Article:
Unique way of working

In addition to impact analysis, Ecoras does much more. 'Unburdening ourselves in future-proofing companies is a very important aspect of our work. But we also often see companies running into the same problems,' says Klaarenbeek. 'We see this as an opportunity to proactively make a difference. Based on our own hours, we then look for parties who can do something with this, for example by setting up a circular chain, starting a new joint project or lobbying government organizations.'

'An SME that wants to do circular business often doesn't have the time and connections to get the right people around the table,' continues Klaarenbeek. 'We do have those connections, so together we look at how we can then set up a circular chain. By putting them in touch with sustainable raw material suppliers, for example. Over the years, of course, we have gained a lot of knowledge about biobased materials. So we often know what the most relevant applications are. It's a different way of thinking, doing and working. And that also makes us quite unique as a company.'

The northern circular economy

Ecoras also works a lot with Chemport Europe in this. 'We meet in many different places,' says Maaike van Heeren, who is associated with the Chemport partnership from the NOM. 'Ecoras always takes a nice, proactive role in many different projects. We work together from different perspectives and often pass the ball to each other. And that's important, because a good transition to green chemistry and a circular economy requires close cooperation as a northern ecosystem.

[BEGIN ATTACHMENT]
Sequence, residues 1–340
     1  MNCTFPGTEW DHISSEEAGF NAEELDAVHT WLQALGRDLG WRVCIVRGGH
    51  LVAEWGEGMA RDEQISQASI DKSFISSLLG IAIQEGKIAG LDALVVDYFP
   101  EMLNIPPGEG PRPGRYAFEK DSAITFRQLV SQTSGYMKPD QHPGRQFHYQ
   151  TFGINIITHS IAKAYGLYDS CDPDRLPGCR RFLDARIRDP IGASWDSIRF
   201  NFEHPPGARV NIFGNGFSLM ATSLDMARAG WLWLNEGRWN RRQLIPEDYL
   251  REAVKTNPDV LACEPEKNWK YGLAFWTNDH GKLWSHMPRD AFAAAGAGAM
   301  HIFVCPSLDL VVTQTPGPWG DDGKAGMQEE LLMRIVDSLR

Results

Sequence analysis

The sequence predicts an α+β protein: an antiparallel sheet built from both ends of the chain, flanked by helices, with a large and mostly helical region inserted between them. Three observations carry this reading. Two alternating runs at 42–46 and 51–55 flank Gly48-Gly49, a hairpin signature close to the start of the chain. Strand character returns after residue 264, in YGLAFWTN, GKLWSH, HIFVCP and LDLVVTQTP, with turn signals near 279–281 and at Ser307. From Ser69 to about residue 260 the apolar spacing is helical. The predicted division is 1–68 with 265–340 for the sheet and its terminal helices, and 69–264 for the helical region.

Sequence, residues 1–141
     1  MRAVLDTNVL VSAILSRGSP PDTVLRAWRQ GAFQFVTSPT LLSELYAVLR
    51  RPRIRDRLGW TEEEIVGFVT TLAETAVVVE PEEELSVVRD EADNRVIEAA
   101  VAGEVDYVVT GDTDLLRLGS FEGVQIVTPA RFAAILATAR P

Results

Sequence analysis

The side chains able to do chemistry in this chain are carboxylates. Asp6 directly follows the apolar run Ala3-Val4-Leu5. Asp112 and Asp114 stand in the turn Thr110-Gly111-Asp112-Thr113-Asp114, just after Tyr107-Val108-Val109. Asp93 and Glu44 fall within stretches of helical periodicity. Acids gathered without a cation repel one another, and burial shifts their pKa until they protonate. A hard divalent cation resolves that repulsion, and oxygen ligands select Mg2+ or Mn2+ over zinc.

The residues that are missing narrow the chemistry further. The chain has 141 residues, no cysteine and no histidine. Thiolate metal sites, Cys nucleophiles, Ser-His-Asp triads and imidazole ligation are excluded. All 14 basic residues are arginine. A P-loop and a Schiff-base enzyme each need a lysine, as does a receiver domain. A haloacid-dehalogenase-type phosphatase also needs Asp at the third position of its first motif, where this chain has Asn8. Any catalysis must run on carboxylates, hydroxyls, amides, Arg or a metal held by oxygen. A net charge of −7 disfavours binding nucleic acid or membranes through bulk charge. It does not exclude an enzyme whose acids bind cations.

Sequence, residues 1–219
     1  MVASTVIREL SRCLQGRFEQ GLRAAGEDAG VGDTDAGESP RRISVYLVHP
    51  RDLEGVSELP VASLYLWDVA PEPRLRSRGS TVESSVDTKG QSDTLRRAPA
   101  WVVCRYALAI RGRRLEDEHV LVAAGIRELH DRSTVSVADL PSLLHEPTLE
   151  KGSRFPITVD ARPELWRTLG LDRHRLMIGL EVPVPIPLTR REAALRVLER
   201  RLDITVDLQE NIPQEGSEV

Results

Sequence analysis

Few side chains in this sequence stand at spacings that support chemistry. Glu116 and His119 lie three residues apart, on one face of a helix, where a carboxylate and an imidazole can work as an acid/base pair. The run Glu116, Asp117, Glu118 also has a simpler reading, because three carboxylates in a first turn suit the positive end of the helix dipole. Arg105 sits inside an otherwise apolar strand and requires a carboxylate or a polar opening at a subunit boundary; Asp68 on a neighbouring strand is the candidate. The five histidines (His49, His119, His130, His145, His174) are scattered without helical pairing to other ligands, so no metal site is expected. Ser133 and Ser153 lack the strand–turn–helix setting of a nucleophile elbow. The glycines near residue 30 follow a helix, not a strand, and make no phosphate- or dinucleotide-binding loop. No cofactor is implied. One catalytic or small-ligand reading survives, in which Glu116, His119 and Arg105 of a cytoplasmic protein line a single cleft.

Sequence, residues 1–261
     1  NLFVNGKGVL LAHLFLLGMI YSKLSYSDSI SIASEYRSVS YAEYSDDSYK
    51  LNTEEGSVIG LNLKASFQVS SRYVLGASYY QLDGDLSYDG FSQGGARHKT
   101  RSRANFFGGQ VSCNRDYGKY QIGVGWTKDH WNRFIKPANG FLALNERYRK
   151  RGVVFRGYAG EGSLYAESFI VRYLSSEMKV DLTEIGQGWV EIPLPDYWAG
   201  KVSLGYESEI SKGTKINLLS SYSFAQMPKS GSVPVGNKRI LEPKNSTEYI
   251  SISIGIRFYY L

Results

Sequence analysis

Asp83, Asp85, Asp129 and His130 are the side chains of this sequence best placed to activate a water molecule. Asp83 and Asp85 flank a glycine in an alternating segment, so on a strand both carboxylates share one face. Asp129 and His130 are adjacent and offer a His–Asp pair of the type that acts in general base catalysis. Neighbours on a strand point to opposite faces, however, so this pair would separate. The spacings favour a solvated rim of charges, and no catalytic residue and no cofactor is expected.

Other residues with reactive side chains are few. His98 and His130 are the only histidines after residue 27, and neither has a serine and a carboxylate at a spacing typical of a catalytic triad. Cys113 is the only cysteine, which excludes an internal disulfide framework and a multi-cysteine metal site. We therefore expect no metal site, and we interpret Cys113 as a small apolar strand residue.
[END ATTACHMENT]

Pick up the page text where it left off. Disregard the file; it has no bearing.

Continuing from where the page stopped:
An SME that wants to do circular business often does not have the time and connections to get the right people around the table. We do have those connections.
Micha Klaarenbeek

Building a sustainable future

Klaarenbeek also emphasizes the need for a tight-knit ecosystem. 'We work throughout the Netherlands, but you can really see a difference between the North and the rest of the country. Here we are much more inclined to seek cooperation. Elsewhere in the country, it's often something like, 'this is my idea, so I'll carry it out myself.' We do very nice things here in the North, but people often don't know that
not. Sometimes not even from each other, so we take a proactive role in that," jokes Klaarenbeek. 'We could do a bit more marketing in that respect.'

Whether there are any bright opportunities for the future? 'Local production is incredibly important,' says Klaarenbeek. In the northern Netherlands we have a lot of agricultural land, but a significant part of what is produced here is intended for export. As a small country, you have to wonder to what extent that is a wise use of valuable land. Various crops, such as sugar beet and potatoes, for example, can also be used (in part) to green the chemical industry; fiber-rich crops such as hemp and flax will also find an application within the construction industry.'